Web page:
Before every Spartan Trail race Escobar asks the participants, “By a show of hands, how many of you are first timers [to a trail race]?” He says about 80% raise their hands. Considering there were about 7,000 trail race participants to Spartan Trail events in 2019, that is an impressive amount of new trail runners.

Top 3 women and men in the Spartan Trail 10k.

Other US trail running legends who attended Spartan Trail events in 2019 included Dean Karnazes (The North Face), Altra Elite Team members Sabrina Stanley, Kyle Pietari and Amanda Basham, just to name a few. Bashsam, who won the overall women’s 10K race in Squaw Valley, mirrored Wardian’s thoughts, “There was definitely more media [compared to traditional trail races] with the podcasts and interviews going on, but I think that’s great for helping the sport [of trail running] grow.” Basham recently placed second at the prestigious CCC 100K in Chamonix, France and is excited to be competing at the Spartan US Trail Championships in Los Olivos, California next month.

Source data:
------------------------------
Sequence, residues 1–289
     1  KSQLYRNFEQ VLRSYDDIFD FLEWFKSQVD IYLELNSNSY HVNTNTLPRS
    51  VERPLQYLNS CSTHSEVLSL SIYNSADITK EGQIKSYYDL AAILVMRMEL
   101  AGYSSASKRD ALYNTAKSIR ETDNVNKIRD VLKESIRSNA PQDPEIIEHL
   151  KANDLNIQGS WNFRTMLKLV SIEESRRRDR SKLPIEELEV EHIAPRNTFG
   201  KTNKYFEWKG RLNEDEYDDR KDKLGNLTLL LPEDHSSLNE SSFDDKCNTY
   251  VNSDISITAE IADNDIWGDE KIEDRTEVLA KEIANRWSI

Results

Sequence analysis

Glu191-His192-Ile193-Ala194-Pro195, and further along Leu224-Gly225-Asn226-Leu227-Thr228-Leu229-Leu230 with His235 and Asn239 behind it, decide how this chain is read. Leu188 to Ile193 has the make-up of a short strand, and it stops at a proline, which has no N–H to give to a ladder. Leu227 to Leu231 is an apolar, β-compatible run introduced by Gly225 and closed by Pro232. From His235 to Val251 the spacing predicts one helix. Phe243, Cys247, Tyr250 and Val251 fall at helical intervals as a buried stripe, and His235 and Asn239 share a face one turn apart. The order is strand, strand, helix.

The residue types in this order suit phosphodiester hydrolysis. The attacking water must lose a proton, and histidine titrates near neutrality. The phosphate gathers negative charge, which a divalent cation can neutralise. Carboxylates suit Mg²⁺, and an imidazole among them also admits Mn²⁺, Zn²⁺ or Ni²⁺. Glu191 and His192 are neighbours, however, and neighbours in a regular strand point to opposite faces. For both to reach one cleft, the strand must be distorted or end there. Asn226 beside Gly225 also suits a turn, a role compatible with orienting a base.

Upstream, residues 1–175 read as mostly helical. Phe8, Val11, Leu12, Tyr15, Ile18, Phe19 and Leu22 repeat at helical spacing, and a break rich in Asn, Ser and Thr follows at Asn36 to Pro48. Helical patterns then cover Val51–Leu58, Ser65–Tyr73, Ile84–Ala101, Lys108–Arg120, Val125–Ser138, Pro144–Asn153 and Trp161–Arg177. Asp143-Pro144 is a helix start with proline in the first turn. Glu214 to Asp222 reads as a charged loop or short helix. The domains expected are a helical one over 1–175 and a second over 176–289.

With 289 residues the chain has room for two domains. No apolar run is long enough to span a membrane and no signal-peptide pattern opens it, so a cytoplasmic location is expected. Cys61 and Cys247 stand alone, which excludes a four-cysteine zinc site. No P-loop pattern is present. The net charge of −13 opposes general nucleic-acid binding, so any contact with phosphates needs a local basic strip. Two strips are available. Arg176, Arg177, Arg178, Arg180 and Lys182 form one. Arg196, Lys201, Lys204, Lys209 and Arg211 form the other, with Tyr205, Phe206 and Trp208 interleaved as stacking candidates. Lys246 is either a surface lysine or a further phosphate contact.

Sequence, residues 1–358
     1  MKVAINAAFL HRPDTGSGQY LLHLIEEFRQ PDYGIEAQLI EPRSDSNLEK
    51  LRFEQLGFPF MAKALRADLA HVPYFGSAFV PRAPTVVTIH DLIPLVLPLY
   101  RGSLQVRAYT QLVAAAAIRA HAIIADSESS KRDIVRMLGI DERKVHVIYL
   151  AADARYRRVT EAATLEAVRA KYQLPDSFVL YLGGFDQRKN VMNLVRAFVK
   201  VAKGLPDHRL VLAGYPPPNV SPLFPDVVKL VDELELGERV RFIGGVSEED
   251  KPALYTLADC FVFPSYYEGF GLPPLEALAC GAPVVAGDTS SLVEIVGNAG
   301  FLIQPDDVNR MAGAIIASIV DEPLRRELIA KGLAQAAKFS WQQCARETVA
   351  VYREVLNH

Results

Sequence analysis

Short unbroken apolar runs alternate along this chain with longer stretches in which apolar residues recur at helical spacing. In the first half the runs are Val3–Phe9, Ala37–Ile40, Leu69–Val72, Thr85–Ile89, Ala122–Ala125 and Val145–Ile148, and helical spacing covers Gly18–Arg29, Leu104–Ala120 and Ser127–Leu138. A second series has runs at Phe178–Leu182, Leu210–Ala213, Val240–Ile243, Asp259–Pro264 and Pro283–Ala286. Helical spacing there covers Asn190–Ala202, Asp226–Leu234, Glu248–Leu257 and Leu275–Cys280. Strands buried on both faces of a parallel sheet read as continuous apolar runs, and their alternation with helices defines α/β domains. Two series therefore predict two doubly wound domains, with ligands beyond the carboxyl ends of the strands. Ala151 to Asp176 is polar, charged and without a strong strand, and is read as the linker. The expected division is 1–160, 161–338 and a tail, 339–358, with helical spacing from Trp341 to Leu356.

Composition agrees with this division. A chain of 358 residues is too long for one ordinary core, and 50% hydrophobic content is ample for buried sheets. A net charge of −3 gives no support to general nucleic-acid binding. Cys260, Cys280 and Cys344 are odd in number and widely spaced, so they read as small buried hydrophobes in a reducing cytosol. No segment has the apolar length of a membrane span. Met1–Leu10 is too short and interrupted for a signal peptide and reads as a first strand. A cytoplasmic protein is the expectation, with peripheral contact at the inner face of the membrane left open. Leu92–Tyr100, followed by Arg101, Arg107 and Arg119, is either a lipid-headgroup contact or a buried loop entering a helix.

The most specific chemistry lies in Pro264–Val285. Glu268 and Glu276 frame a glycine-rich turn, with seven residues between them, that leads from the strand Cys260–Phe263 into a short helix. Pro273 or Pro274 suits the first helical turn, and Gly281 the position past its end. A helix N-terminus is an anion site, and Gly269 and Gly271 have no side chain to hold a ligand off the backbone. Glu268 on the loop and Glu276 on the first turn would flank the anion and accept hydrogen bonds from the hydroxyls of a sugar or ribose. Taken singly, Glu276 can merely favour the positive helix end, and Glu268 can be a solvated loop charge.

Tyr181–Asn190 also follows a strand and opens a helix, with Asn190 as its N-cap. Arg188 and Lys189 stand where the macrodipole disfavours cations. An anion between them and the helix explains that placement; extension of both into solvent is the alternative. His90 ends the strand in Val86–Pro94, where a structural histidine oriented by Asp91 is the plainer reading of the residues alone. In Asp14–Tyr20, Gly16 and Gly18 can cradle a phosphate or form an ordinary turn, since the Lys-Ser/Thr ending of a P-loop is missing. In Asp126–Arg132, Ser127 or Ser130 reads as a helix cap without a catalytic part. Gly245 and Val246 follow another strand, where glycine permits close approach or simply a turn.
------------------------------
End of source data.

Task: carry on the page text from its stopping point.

Spartan Trail has its sights set on 2020 with the addition of trail and ultra running races around the globe with even larger prize purses. Their hope is that significant amounts of prize money will attract the most high caliber athletes and make possible for trail runners to truly be full-time professional athletes. While most large prize purses have traditionally been limited to ultra-distance races, Spartan Trail will continue to invest in shorter, faster, non-ultra races, 50K, half marathon and 10K; however, they will also raise the bar for the ultra scene in 2020. Their willingness to include input and advice from the trail running community, along with the broad accessibility of shorter races, should help Spartan Trail achieve their goal of growing the sport.